- $255 million revolver at LIBOR + 225 bps, maturing in 2018
Other than the $405 million of 9.125% debt, the above issues were part of a significant restructuring that took place in the second quarter. The company typically draws on the revolver to finance projects during the off-season and then pays it down as the cash rolls in during the summer. As of the end of the first quarter, $96 million had been drawn on the revolver.
Ouimet has been with the company for less than two years and CEO since January of 2012. During that time the annual distribution (as a partnership, Cedar Fair pays a distribution as opposed to a dividend) has been increased from $1.00 in 2011 to $1.60 in 2012 and is currently at a $0.625 quarterly rate with an expected payout of $2.50 for 2013. At $2.50 and Monday's closing price of $41.22, the distribution yields 6.1%.
That's a substantial yield compared to other investment opportunities in the current low interest rate environment. Obviously, the 55%-60% growth in the dividend the past two years should not be expected to continue. Ouimet stated:
...Now what we've said about the distribution is we'll continue to have what we call a quality distribution. We've set it at a level that is clearly sustainable. We've also said that we will grow that distribution as EBITDA grows. To the extent that we generate more cash than we need to reinvest in the business then we'll go through the classic analysis of what else to do with the cash. Do we pay down debt? Do we buy back stock? Do we make other investments that we hadn't contemplated? Or, do we increase the distribution?But it's a little different than some of the other situations I've been associated with before. We always bump that up against the distribution. And so instead of going in some linear format, if you will, we tend to bump that up against the distribution. By all indications, if we have a record year again, we will be in good shape from a cash standpoint.
The projected EBITDA growth is expected to be in the 4% range, and that would suggest that the distribution should grow at something less than 5%.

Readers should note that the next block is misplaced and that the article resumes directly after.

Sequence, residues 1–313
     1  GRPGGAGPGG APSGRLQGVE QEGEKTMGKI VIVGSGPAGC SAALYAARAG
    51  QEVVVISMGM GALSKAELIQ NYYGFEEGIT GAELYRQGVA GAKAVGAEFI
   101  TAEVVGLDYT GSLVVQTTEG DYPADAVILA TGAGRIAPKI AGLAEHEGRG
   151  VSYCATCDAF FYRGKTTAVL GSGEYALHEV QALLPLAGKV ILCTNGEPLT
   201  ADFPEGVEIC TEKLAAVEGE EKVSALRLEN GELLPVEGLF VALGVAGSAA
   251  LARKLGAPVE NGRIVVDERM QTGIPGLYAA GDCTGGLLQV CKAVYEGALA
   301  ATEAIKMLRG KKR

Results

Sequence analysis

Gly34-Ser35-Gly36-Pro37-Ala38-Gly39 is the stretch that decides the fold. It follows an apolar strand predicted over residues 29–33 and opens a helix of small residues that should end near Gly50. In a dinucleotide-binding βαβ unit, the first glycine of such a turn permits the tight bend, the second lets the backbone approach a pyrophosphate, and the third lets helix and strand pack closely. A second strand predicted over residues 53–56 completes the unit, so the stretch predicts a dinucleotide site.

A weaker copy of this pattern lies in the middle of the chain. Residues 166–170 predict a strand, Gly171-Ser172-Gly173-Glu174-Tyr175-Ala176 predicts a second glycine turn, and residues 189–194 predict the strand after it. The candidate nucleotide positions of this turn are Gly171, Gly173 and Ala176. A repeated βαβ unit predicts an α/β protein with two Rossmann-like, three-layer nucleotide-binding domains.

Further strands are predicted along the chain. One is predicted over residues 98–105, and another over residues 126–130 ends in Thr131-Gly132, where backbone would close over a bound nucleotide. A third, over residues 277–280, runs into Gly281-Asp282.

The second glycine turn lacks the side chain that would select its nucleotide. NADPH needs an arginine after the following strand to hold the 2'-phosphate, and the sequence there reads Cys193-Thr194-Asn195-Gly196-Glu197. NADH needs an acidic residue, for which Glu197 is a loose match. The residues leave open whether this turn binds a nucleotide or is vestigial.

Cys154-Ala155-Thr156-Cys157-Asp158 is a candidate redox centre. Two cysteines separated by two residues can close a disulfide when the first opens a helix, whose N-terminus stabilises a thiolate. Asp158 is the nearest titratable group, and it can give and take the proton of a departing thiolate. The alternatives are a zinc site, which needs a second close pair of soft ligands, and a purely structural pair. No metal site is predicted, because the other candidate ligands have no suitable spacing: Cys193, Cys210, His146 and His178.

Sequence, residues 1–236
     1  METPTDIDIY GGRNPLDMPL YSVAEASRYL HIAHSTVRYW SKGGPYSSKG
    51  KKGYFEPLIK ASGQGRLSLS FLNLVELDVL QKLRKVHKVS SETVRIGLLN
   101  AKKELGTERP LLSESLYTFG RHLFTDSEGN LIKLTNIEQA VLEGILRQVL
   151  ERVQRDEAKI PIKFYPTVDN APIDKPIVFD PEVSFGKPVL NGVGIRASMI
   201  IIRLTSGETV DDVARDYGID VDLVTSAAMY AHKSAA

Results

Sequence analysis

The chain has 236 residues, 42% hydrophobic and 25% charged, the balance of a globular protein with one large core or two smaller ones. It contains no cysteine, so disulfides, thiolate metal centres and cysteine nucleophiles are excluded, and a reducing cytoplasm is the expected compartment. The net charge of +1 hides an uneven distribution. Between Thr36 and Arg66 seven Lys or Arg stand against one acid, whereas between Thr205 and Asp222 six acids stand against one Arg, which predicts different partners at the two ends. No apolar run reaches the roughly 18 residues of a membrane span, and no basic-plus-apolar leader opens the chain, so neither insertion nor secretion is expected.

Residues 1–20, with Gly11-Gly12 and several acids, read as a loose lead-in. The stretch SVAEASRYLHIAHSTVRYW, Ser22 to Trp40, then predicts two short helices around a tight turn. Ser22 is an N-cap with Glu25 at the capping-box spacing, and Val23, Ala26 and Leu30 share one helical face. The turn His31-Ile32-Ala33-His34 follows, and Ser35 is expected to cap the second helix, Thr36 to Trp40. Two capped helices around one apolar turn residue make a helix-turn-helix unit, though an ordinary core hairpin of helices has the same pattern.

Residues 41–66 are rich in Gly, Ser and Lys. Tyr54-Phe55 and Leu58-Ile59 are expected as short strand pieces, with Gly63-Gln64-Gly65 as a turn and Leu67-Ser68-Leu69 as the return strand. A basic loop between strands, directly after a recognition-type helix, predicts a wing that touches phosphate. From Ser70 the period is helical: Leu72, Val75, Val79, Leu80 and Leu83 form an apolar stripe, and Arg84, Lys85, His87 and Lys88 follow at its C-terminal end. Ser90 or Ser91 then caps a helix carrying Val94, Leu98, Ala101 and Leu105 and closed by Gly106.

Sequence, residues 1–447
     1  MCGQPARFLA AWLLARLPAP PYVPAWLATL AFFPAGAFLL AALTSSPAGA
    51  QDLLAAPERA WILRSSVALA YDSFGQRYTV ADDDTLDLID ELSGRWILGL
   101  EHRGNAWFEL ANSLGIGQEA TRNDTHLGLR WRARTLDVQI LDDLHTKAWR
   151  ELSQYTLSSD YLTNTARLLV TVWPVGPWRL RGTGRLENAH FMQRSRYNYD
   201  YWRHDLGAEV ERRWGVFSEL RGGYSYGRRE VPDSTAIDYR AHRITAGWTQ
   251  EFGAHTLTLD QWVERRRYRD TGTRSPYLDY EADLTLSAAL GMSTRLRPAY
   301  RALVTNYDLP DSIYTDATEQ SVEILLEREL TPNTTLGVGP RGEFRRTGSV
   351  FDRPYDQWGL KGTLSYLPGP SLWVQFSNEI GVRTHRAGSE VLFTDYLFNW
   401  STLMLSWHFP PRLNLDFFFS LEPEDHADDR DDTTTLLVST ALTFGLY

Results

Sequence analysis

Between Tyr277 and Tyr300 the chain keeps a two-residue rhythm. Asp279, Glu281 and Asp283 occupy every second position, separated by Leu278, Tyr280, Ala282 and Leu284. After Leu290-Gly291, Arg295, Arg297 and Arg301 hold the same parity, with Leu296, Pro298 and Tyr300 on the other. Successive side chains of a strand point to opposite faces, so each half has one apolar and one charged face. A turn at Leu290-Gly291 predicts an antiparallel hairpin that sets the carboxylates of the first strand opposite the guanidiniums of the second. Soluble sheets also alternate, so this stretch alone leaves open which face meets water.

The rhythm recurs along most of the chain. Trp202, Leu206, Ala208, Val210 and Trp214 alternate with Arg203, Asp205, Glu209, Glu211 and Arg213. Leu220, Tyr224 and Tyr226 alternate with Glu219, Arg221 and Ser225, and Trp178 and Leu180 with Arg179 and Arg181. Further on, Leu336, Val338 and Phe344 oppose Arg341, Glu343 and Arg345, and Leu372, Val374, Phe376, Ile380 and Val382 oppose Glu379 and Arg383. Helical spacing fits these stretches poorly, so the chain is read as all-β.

The weather plays an important role in the profitability of Cedar Fair. Typically, over the critical summer season, the weather tends to even out, aided by the geographic dispersion of the company's parks. In addition, the recently implemented CRM system and installment payment programs introduced in the past few years have also helped to overcome some of the weather related issues. If a family has already purchased tickets, inclement weather is less likely to be a deterrent to taking the family on a round trip drive that will take several hours.
However, in an effort to extend the season and increase profitability, the company has added Halloween themed events. In 2012 attendance was running at record rates until poor weather during October caused attendance to lag behind 2011 results. Despite the attendance shortfall, increased per capita spending allowed the company to post a third consecutive year of record revenues and EBITDA.
Although Cedar Fair presents an investment opportunity with an attractive yield, it is clearly not an investment opportunity that is right for everyone - including those looking for high yields. It has a business model that demands continued capital investment to keep customers returning year after year. The risks associated with its floating rate debt structure, level of debt and dependence on reasonable weather may be too great for conservative investors. And its structure as a partnership adds some complexity when filing one's taxes.
I have found these risks and the added complexity to be acceptable and have made Cedar Fair an important component of my income portfolio. I expect that the distribution will continue to grow in line with the EBITDA growth projections, and believe there will be additional opportunities in late 2014 when I anticipate a refinance of the 9.125% debt.
Disclosure: I am long FUN, DIS, CMCSA. I wrote this article myself, and it expresses my own opinions. I am not receiving compensation for it (other than from Seeking Alpha). I have no business relationship with any company whose stock is mentioned in this article.
Additional disclosure: I have written $40 June covered calls against a portion of my FUN position.